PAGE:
French authorities began dismantling tents and shelters in Calais's "Jungle" camp for refugees and migrants on Monday morning in a move volunteers described as the latest drive to relocate people to elsewhere in the country.
Demolition teams used bulldozers to flatten shelters while riot police cordoned off the area – despite an assurance from France's interior minister last week that these tactics would not be used.
Bernard Cazeneuve made the comments last Thursday after a court in Lille cleared the way for the partial demolition of the camp, which has become home to several thousand men, women, and children from countries across the Middle East and Northern Africa, many of whom hope to reach Britain.
Cazeneuve said he was supported the court decision, but denied force would be used to remove part of the Jungle. "It has never been our intention to send in bulldozers to destroy the camp," he said.
Volunteers in Calais on Monday accused him of breaking his word.
Joe Murphy, who works for the Good Chance Theatre group, said bulldozers had been flattening shelters and tents throughout the day and gas canisters had been deployed to disperse crowds. Several fires have also been reported, but the cause of them has yet to be confirmed.
"It's a distressing sight here – it's not peaceful in the way they promised. The French state lied, they told us they wouldn't use bulldozers, but they're using them to destroy homes. A man was standing on his shelter holding a sign that says 'I came to Europe searching for freedom, but I found none'."
The government said it planned to relocate many of the refugees and migrants to heated container accommodation areas elsewhere in the camp, and the clearance of the southern section would be a "humanitarian operation".
Volunteers inside the camp on Monday told BuzzFeed News that the police presence was "heavy", estimating that around 60 police vans were present as demolition teams dismantled shelters.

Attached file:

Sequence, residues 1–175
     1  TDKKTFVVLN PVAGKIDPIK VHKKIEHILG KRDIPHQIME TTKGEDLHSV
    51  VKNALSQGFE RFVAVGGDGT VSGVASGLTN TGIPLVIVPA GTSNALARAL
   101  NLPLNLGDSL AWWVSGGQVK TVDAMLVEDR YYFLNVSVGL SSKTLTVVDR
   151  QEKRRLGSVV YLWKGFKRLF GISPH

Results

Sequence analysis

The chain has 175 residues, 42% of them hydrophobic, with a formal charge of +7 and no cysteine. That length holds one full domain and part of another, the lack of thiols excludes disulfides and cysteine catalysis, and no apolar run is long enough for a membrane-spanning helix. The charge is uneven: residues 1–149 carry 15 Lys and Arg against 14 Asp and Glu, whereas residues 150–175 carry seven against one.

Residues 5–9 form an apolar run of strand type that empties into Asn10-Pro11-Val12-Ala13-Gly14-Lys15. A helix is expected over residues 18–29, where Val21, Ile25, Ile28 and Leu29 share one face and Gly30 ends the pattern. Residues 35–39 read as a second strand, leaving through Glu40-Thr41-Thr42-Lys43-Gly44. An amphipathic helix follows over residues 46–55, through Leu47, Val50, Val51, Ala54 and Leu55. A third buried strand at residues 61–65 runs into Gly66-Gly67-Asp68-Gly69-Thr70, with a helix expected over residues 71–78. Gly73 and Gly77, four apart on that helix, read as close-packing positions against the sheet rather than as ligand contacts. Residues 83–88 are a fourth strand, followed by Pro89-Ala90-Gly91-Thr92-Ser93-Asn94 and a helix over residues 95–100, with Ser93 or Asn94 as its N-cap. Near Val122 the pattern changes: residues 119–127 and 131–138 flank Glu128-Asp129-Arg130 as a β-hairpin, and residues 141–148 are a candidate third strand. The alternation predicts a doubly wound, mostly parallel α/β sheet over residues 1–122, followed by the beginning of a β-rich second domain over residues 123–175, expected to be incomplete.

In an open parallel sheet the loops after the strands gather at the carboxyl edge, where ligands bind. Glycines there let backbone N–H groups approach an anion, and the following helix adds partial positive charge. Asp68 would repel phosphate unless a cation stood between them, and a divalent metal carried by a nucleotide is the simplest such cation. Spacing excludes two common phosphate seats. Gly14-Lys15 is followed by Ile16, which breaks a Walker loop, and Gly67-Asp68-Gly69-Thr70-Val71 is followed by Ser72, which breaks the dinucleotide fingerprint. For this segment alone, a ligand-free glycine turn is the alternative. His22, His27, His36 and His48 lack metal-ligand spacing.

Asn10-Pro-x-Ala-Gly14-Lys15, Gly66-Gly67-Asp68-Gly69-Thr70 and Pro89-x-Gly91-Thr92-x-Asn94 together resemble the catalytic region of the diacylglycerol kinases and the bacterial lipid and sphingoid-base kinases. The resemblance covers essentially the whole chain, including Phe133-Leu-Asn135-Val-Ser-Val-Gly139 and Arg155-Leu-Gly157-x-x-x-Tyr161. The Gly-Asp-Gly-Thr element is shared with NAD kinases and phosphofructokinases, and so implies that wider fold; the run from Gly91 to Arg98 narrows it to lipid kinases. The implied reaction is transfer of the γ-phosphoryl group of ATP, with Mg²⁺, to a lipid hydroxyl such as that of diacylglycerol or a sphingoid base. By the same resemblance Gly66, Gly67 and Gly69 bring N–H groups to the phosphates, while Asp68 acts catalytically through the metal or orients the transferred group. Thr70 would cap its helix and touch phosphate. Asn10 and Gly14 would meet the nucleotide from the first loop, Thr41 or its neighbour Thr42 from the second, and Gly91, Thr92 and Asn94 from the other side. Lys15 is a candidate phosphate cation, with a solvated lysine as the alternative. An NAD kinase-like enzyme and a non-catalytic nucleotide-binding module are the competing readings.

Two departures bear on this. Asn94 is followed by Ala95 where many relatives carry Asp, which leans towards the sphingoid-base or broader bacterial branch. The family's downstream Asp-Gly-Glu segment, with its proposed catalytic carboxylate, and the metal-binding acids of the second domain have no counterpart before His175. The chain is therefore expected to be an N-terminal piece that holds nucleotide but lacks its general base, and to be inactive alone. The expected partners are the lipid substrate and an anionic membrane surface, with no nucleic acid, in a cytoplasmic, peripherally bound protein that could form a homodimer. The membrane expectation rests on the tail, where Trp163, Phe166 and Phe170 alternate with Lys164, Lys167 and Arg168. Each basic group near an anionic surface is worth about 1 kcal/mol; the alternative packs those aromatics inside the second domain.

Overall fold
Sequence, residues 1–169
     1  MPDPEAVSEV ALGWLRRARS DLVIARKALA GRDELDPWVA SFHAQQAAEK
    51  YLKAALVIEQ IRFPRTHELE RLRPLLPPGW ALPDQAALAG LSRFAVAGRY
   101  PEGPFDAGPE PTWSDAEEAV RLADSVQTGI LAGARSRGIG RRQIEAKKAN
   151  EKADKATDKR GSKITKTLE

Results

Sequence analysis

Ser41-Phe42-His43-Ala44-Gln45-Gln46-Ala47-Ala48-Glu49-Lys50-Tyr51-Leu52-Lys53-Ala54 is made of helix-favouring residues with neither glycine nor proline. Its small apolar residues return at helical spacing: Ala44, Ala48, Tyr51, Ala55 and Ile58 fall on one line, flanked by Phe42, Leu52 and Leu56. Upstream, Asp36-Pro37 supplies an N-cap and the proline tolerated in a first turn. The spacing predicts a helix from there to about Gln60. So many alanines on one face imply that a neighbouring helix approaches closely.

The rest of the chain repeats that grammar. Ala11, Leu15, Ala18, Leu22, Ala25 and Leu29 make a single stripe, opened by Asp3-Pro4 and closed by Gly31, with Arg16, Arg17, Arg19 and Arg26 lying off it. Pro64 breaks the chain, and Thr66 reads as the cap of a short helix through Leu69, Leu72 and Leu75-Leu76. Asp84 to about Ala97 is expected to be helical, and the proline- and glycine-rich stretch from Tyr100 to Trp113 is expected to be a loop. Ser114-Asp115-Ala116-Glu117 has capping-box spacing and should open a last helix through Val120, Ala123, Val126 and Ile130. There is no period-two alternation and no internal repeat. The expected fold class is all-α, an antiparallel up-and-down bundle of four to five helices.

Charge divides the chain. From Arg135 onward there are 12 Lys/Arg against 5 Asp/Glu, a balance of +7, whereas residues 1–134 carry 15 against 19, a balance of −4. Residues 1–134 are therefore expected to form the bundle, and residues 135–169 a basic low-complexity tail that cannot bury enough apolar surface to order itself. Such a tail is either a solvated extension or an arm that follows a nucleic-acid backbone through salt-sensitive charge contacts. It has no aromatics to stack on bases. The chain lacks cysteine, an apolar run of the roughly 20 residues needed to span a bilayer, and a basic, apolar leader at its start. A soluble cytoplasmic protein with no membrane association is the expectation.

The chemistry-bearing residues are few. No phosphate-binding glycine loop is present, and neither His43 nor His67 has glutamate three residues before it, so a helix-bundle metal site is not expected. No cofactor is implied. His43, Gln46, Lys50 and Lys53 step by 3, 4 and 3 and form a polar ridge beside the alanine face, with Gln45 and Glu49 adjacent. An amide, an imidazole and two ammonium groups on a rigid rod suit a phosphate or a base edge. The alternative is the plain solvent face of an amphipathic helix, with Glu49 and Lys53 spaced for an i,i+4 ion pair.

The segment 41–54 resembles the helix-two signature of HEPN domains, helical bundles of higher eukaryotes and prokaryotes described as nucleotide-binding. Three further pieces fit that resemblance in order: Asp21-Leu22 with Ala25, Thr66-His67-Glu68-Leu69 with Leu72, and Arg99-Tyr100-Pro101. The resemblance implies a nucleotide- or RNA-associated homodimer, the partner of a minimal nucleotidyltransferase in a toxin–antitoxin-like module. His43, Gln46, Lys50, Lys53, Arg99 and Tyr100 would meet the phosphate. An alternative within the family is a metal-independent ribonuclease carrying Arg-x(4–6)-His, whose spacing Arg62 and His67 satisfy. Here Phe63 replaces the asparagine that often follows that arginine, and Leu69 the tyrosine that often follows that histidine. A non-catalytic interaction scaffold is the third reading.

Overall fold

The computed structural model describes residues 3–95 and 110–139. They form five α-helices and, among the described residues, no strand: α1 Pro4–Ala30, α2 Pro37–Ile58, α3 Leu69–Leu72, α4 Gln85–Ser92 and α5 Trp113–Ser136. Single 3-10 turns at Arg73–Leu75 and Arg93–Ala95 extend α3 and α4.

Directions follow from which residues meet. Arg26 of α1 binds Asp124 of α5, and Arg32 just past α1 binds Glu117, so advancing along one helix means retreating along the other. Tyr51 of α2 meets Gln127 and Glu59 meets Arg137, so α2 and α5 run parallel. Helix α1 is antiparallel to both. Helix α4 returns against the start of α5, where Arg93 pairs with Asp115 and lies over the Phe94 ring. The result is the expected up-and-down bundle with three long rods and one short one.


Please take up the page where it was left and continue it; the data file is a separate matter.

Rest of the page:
Rowan Farrell, a 27-year-old volunteer from Manchester, told BuzzFeed News police arrived around 8.30am. Throughout the morning, a police line had cornered off parts of the camp.
Farrell said that although many of the shelters being dismantled were empty, he saw some people being forcibly removed by police.
"I'm stood with about 50 people, and we're in front of policeman in full riot gear, some with rubber bullets, teargas canisters. Behind them, construction teams are destroying the shelters, they're taking it all down, and we can't do anything about it. Some people had no time to collect their possessions inside the shelters."
Farrell said one of the shelters being dismantled was set up by the Médecins Sans Frontières (MSF) charity, while others were built by camp's inhabitants or volunteers. He said one of the eight distribution areas had been dismantled.
The French government has said it also plans to move people in the camp to reception centres elsewhere in France. Volunteers in the camp say that steps to achieve this have increased this week.
Farrell said that a bus, organised by local authorities, had been taking refugees and migrants to centres across the country once every few weeks – but that now, buses were arriving on a daily basis to relocate people.
"The people here were told 'leave your house now, go to the container camps, or be relocated to other parts of France'," Farrell said. "Not much information is being given to the destination of these buses, other than that they're in France – some of them have no idea where they are going or end up in the middle of nowhere, some are being sent to cities.
"I've heard mixed reports. Some people I know say they're happy in the new place they've been taken to, but others haven't been happy with the new location, so they come back here to Calais."
Charities and volunteers say people have expressed concerns that if they leave the camp, they may be detained, restricting their chances to reunite with family members or reach Britain to seek asylum.